Peace! I am addressing this e-mail to you since it is you whom I know personally, but please feel free to share my thoughts with all our campus journalists at The LaSallian. I would like to express my appreciation to Mr Paulo Jose Mutuc for the article, “COS, DEAL tutor maritime frosh” (page 3, TLS, 10 June 2005). My congratulations to you for the insightful ATYPICAL column, “The great dilemma” (page 5, TLS, 10 June 2005). By asking us, and I quote your ﬁrst sentence of paragraph 11, “What implications does it (the high school students’ low scores in English, Math, and Science) hold for DLSU?”, you have challenged the academic community of the University to look beyond what is happening “within the walls” of DLSU-Manila and to focus on current realities in Philippine society. Truly, the sad state of Philippine education is something that we, as an institution, should look into. Since we carry with us the name of the Patron Saint of Teachers, we should be at the forefront of educational reforms in our country. The 10 June 2005 issue of TLS highlighted the Student Council’s call for greater transparency. The LaSallian’s editorial, “Remove the blindfold” (page 4, TLS, 10 June 2005), states, “Now, can this plan be pursued in DLSUManila, a University where accessing of student-related records is no walk in the park? In fact, campus journalists and student leaders ﬁnd it difﬁcult to access ﬁnancial statements, discipline records, and other pertinent ﬁles in the University.” (paragraph 3). I would like to invite the editors of The LaSallian to borrow a copy of The President’s Report - DLSU System from the Archives section of our University Library. DLSU-Manila’s ﬁnancial statement, duly audited and certiﬁed by Carlos Valdez and Associates, may be found in the accompanying volume of the report. When it comes to doing research, I always tell my students, “do your homework, diligently”. And to paraphrase the Gospel of Matthew, “ask (politely) and it shall be given unto you”. As for discipline records, I will be more than happy to share with you statistics on the number of minor and major offenses committed by our freshmen and upperclass students. These data are shared by the Discipline Director with the Vice Deans during our ORIENT Central Committee monthly meetings. The committee makes use of these data to determine the programs that should be undertaken to minimize the number of offenses our students incur. Just out of curiosity, may I know what “other pertinent ﬁles in the University” the editorial is referring to? The article “CCTV cameras installed despite SC opposition” (page 1, TLS, 10 June 2005) reports that “The SC believes that this undertaking is an irony to the Administration’s upholding of austerity measures” (paragraph 3). The estimated cost of the Closed Circuit Television (CCTV) cameras, as reported in the article “SC calls for greater transparency” (page 1, TLS, 10 June 2005), is “around one million pesos” (paragraph 2). A few months back, TLS reported multimedia (LCD) projectors being stolen from classrooms at the Miguel and Gokongwei buildings. The College of Science is taking proactive and preventive steps to ensure the safety of our research equipment. The college, through our Dean, Dr. Gerardo Janairo, has requested that security cameras be installed within the vicinity of the Molecular Science Research Laboratory (second ﬂoor, STRC building) and the vicinity of the second ﬂoor of SJ building where our High Performance Computing Laboratory is housed. These safety measures are being taken by the college to ensure the continued use of the research equipment by our science students and faculty members. I invite the editors of TLS to approach the laboratory coordinators of the four departments of the College of Science (Dr. Irene Samonte, Biology; Ms. Julita Robles, Chemistry; Dr. Ederlina Nocon, Math; and Mr. Gil Nonato Santos, Physics) [and also perhaps the College of Engineering lab coordinators] and request from them the cost of the research equipment (mostly grants from external funding agencies) stationed at the research laboratories at STRC, SJ building, and Velasco hall. [Dr. Irene, Ma’am Lita, Dr. Lynn, Sir Noni, please accommodate students’ request for interview]. The cost of putting-up the security system (as a pro-active stance) will be more cost-efﬁcient rather than have the research equipment stolen, then replaced. Moving on to student enrolment, an issue very close to my heart, as this is one of my major tasks as Vice Dean of the College of Science. In the article, “Adjustment difﬁculties continue to haunt students” (page 2, TLS, 10 June 2005), may I know the reason why Mia needed to adjust? She is, as the article described, “a CBE student (who) has been lining up since 5:30 in the morning to obtain a number card distributed at 7:00 a.m. that would allow her to adjust. She was able to adjust six hours later.” With regard to the question raised by Mr. Oliver To, “Why is there a need to pay for reprinting of EAF and late adjustment fee?” (paragraph 11), the University Enrolment committee, where a duly-elected SC ofﬁcer sits as a regular member, has discussed this matter year-in and year-out. But allow me to share my thoughts on this issue… Students who are able to ﬁnish encoding their needed subjects during regular online enrolment period (week 10) do not need late adjustment. Students who encounter problems during online enrolment are advised to immediately see their Vice Dean or College Academic Assistant. Should a student fail a course, the regular adjustment period is scheduled before the trimester begins. Students whose class(es) is (are) dissolved are advised to see their Vice Dean or College Academic Assistant and the necessary updates are made. EAFs are reprinted without paying any fees. Thus, except for students’ own convenience I see no reason why a student needs to do late adjustment (and in doing so, pay the late adjustment fee). If a student does not want to pay the late adjustment fee, then the solution is simple, do not adjust. In closing, please extend my congratulations to the staff of the Sports section of TLS. The feature on this year’s rookies allowed the Lasallian community to get to know our Lasallian athletes. The feature story on baseball player Bacchus Ledesma is inspiring. Congratulations, too, to Donelle Gan (FUZZY LOGIC, “Grab the wheels”, page 5, TLS, 10 June 2005) for making it to the semiﬁnal round of the Algorithm category of Imagine Cup, an on-line global competition sponsored by Microsoft. The article on Dr. Gaspillo’s NAST accolade (page 1, TLS, 10 June 2005) and the story about our Lady Spiker’s leading the Shakey’s V-league with a clean slate (page 12, TLS, 10 June 2005) made me proud that I am a Lasallian. I look forward to The LaSallian highlighting stories about the accomplishments of our students and faculty members. Finally, we may have to consult an English teacher on this… at the bottom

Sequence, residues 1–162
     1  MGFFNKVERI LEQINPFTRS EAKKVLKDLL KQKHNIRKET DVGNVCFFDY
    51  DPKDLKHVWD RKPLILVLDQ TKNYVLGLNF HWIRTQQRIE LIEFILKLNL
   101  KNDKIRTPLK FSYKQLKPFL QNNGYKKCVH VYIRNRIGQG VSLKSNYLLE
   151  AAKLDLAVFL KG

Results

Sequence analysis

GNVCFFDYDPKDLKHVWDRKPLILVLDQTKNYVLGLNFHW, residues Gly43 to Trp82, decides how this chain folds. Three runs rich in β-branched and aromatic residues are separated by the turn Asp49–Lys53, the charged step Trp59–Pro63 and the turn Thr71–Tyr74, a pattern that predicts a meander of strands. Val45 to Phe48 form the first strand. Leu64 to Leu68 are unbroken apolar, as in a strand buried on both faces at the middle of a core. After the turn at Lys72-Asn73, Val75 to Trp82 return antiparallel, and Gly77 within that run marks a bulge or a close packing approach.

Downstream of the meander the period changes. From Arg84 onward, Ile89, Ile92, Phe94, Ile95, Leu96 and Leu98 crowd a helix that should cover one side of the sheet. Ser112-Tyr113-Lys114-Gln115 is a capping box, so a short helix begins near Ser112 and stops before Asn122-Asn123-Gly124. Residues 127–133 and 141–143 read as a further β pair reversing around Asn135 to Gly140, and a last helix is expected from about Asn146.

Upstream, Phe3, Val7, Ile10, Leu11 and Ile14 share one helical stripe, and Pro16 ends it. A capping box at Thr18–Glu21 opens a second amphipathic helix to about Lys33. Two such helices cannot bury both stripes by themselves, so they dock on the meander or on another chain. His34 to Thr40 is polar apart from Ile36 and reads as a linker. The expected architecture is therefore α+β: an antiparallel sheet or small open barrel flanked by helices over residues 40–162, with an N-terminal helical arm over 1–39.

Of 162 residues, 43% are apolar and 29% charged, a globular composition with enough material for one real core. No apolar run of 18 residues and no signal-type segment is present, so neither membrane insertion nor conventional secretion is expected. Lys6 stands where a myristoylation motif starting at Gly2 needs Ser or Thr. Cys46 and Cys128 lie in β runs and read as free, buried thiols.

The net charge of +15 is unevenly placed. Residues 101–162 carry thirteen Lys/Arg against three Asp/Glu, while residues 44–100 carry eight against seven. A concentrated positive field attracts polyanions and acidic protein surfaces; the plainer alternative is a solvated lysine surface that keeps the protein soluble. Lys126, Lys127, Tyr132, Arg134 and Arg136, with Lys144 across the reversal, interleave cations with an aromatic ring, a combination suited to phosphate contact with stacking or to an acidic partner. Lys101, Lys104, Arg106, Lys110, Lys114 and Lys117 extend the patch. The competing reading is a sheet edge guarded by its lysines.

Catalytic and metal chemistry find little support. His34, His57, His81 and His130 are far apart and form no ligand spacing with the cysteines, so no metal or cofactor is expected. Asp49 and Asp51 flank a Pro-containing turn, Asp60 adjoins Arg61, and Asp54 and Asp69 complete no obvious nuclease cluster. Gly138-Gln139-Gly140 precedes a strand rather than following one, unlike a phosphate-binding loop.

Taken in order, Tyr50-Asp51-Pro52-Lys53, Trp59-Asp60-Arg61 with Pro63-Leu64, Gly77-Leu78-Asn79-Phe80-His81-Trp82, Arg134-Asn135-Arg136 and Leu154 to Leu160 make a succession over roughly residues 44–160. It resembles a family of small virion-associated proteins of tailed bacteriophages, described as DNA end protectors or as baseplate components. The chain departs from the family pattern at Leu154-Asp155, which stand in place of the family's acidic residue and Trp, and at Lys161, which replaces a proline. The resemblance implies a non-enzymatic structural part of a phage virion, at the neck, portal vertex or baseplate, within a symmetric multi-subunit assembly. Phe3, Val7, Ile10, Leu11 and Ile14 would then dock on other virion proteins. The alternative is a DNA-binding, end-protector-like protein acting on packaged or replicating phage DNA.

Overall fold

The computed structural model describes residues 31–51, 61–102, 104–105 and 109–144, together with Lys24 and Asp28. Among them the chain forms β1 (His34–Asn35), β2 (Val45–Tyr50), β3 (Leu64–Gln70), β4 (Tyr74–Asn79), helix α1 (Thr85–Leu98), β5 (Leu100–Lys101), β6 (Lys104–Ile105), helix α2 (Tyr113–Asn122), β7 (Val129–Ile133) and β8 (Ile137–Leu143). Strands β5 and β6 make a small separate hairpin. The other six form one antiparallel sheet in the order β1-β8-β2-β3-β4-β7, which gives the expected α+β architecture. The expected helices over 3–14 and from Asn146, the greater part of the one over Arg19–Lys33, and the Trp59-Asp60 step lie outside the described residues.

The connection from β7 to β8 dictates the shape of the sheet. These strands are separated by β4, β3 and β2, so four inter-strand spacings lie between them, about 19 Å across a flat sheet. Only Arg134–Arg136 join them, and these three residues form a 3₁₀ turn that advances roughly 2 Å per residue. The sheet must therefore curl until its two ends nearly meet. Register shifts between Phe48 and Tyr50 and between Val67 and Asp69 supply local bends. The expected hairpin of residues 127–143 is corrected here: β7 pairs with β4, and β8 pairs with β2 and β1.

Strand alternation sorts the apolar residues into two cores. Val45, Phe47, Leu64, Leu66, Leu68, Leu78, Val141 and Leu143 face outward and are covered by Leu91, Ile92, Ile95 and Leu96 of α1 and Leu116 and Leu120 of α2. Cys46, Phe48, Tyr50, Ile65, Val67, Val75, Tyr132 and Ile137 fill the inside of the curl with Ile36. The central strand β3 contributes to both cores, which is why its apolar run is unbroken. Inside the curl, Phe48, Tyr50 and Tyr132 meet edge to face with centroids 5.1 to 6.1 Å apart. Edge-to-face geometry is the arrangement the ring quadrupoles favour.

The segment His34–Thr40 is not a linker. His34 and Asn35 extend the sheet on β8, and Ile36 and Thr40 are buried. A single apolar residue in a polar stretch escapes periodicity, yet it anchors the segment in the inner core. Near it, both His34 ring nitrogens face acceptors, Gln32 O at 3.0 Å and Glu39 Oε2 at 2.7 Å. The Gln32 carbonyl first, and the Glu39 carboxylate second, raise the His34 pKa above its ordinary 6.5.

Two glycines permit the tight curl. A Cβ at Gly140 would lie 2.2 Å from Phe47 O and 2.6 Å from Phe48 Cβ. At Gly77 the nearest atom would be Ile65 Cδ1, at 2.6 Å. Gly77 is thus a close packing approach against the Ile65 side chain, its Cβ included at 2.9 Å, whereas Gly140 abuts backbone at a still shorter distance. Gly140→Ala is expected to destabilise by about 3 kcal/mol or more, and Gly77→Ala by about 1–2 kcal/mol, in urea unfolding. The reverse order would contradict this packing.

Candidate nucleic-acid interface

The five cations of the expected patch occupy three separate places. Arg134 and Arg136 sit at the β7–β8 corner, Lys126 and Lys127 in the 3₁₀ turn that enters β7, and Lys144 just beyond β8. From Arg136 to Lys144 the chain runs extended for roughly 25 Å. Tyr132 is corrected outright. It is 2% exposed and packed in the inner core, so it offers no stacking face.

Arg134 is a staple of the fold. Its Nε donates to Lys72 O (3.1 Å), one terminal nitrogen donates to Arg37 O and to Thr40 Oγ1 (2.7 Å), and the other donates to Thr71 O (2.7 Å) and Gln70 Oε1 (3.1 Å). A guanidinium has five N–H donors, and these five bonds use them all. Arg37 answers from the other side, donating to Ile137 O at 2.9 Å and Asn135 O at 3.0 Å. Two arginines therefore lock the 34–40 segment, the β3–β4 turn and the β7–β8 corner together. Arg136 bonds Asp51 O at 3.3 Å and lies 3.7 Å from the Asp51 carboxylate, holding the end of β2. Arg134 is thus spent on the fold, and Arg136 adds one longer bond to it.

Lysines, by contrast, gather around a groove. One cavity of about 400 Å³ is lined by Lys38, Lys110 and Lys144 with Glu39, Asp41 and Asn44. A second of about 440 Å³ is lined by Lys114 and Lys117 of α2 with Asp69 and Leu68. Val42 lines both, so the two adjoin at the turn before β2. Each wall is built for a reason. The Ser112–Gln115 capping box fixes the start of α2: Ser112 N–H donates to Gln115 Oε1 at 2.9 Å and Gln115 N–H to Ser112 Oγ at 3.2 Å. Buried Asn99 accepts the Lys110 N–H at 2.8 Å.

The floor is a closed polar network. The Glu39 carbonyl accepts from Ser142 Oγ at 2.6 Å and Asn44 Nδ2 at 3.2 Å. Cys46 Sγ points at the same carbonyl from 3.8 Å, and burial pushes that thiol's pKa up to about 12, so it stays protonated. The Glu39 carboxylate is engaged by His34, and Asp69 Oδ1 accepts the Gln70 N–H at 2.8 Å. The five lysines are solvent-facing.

SEE LETTER , PAGE 10